Copyright © 2002, United States Conference of Catholic Bishops, Inc. All rights reserved.
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XIX. School Tuition vs. Donation
Payments made to a parish by parents of children enrolled in a Catholic school may qualify as deductible contributions if they are gifts, i.e., if they are voluntary transfers of funds made with no expectation of obtaining commensurate benefit. Specifically, enrollment in the school must in no manner be contingent on making the payment; the payment must not be made pursuant to a plan (whether express or implied) to convert nondeductible tuition into charitable contributions; and the receipt of the benefit (schooling or reduced tuition payments) must not otherwise be dependent upon making the payment. Rev. Rul. 83-104, 1983-2 C.B. 46, cites the following factors as creating a presumption that a payment is NOT a charitable contribution:
Situation 6 of Rev. Rul. 83-104 sanctions differential tuition for parishioners and non-parishioners in certain limited circumstances. The parish received contributions from all its members. These contributions are available to support all parish activities, a substantial portion of which are unrelated to the school. The parish has full control over the use of the contributions it receives. Most parish members do not have children in the school. The methods of soliciting contributions from parishioners with children in the school are the same as the methods of soliciting members without children in the school. No tuition is charged to parishioners, but non-parishioners are charged tuition. In this situation, IRS concluded that the contributions made by parishioners with children in the school are ordinarily deductible, unless there is a showing that contributions by parishioners with children in the school are significantly larger than those of other parishioners. [IRS has indicated in other rulings that it will compare parental giving levels to non-parental giving levels in evaluating deductibility of payments. See PLR9004030, (October 31, 1989 – released January 26, 1990).]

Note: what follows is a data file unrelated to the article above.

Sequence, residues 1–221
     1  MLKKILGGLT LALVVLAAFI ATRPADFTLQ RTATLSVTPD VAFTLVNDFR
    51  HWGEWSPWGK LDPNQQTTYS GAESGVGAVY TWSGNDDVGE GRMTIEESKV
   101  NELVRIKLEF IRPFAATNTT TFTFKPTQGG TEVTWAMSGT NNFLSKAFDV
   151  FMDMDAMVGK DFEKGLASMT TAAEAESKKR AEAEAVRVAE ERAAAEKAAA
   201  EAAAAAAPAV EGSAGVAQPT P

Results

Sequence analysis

- The existence of a contract (express or implied) whereby a taxpayer (i.e., parents, etc.) agrees to make a “contribution” and which insures school admission for the taxpayer’s child;
- A plan allowing taxpayers either to pay tuition or make “contributions” in exchange for schooling;
- The earmarking of contributions for the direct benefit of a particular individual;
- The otherwise unexplained denial of admission/readmission of children of taxpayers who are financially able but who do not contribute.
Additional adverse factors include:
- the absence of a significant tuition charge:
- Substantial or unusual (different from that applied to non-parents) pressure applied to parents of children attending school;
- Contribution appeals made as part of the admissions or enrollment process;
- The absence of significant school revenue sources other than parent contributions; and
- Other factors suggesting a contribution policy created as a means of avoiding characterization of payments as tuition.
Any attempt to link school enrollment or tuition reductions/benefits to parish contribution or level of parish contribution jeopardizes the deductibility of contributions by parishioners who benefit from such practices. Various labels given to parish contributions, e.g., sacrificial giving, tithing, negotiated tuition, stewardship, minimum giving, etc., are not determinative of deductibility. Further, parishes cannot qualify under Situation 6 by defining parish “membership”(or otherwise qualifying for reduced or no tuition) according to level of contribution. All such practices undercut parish claims that parish contributions are “gifts”, the sine qua non of charitable deductibility.